If that presumption were applied to the decision which the Court of Appeal considered that the Minister should have made in this case, ie. a decision as to whether notice should be given, it would mean that it in this case the Minister should, in the absence of evidence to the contrary, be presumed to have made that decision. But the Court presumed to the contrary.
Moreover, even if the legal presumption is not applied, it hardly seems correct to assume that the silence of the Minister about whether or not he considered a matter means that he did not consider it. It is surely equally possible that the Minister may have considered it, but either he or the legal adviser drafting his affidavit may have omitted to mention it.
3. Evidence of critical facts
It is evident that the fact upon which the decision in this case hinged was the fact as to whether the Minister had made a decision that notice need not be given. But there was no evidence before the court directly on this point. There was evidence that the Minister did not mention it in his affidavit, and the court assumed from his silence on the point, that he had made no such decision. But is that a safe assumption? When a point is so critical, would it not be better practice for further particulars to be required to be provided, or that the deponent of the affidavit be required to be cross-examined?
The mental processes of the Minister were not visible, and the best way that the Court could be sure of what they were was for the Minister to give evidence himself of what he did or did not think about at the time that he was issuing the deportation order. Such evidence would then be subject to cross-examination. At the conclusion of this process the Court would not be left in the position in which it was placed in this case, of having to make assumptions on inadequate factual foundation.
4. Constitutionality of restrictions against non-citizens
The Supreme Court and the Court of Appeal both accepted that the words in Article 5.1 of the Constitution “subject to any restrictions imposed by law on non-citizens” are to be read at their face value, and mean that Parliament may make any kinds of laws that are discriminatory of non-citizens, and remove from non-citizens the fundamental rights and freedoms that are recognised in that Article. This is a very wide proposition and one might have hoped that either the Supreme Court or the Court of Appeal would have explored it in more detail, and considered whether there might not be some exceptions or limits to it. If the courts do not, then it is to be hoped that Parliament when next it amends the Constitution might reduce the extent of this exclusion of non-citizens from the rights and freedoms enjoyed by citizens.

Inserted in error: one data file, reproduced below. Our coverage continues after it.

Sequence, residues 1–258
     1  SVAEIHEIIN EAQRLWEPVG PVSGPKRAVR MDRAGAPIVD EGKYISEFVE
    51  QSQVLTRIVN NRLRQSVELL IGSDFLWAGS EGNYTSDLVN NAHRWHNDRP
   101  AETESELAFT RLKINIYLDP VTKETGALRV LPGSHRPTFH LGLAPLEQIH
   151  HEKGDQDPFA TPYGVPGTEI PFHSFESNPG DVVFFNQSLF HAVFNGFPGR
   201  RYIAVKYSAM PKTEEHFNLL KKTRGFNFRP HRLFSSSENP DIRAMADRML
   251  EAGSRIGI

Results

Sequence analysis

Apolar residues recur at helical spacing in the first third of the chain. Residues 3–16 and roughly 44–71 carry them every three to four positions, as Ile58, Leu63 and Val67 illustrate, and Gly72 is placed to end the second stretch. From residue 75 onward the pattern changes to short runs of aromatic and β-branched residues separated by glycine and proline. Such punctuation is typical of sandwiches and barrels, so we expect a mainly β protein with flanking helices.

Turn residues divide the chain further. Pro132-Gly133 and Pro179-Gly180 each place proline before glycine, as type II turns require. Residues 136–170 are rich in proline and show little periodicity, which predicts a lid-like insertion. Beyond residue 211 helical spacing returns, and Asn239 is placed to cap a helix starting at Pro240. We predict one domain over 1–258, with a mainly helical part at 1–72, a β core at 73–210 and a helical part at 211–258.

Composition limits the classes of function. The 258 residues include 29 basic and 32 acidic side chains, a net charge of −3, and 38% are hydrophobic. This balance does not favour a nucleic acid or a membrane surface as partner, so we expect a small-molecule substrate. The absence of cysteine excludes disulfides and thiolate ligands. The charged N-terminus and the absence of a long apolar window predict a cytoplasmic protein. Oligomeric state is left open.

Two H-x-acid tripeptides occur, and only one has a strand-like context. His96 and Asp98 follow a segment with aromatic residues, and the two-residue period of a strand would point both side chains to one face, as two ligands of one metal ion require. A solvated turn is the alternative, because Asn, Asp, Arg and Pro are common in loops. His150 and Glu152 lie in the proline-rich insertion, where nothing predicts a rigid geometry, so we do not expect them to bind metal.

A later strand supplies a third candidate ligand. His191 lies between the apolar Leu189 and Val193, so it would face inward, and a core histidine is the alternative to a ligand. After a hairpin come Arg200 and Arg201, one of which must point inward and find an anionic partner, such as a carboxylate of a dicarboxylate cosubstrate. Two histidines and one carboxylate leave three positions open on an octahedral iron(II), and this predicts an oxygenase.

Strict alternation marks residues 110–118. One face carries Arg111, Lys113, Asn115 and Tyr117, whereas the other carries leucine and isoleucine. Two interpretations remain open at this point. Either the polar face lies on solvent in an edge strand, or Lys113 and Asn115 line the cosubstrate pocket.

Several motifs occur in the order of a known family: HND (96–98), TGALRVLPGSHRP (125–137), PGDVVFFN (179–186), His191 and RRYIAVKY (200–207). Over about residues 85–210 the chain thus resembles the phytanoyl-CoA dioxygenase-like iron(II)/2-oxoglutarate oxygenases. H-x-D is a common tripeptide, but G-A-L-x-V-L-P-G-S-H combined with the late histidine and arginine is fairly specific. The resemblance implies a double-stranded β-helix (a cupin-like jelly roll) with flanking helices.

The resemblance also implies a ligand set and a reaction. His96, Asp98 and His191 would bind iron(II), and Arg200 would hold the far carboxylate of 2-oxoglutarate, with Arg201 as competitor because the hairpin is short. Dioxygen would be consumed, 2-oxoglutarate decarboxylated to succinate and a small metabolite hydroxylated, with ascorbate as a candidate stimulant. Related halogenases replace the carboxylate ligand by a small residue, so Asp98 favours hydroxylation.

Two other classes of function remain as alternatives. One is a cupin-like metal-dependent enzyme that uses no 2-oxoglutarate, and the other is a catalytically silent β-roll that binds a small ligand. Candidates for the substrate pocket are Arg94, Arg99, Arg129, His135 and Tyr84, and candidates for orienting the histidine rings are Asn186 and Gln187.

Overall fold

5. Judicial silence about inhumane deportation practices
A disturbing feature of both the judgement of the Supreme Court and the judgment of the Court of Appeal is that neither judgment made any comment upon the inhumane practice that was adopted by the officials involved in the deportation of Mr Ayamiseba. The deportation order, which was signed on 9 February 2006, did not specify when he was to be removed, but it was apparently served on him by police at his home at 10.15pm that same day, and he was taken to the airport and put on a plane departing at 10.45pm. Obviously he must have been allowed totally inadequate time to put his affairs in order and prepare what he needed to take with him for an absence from the country which was stated by the order to be for a minimum of ten years, and to make arrangements for, and say farewell to, the woman who was the mother of his four year old son and to the boy himself.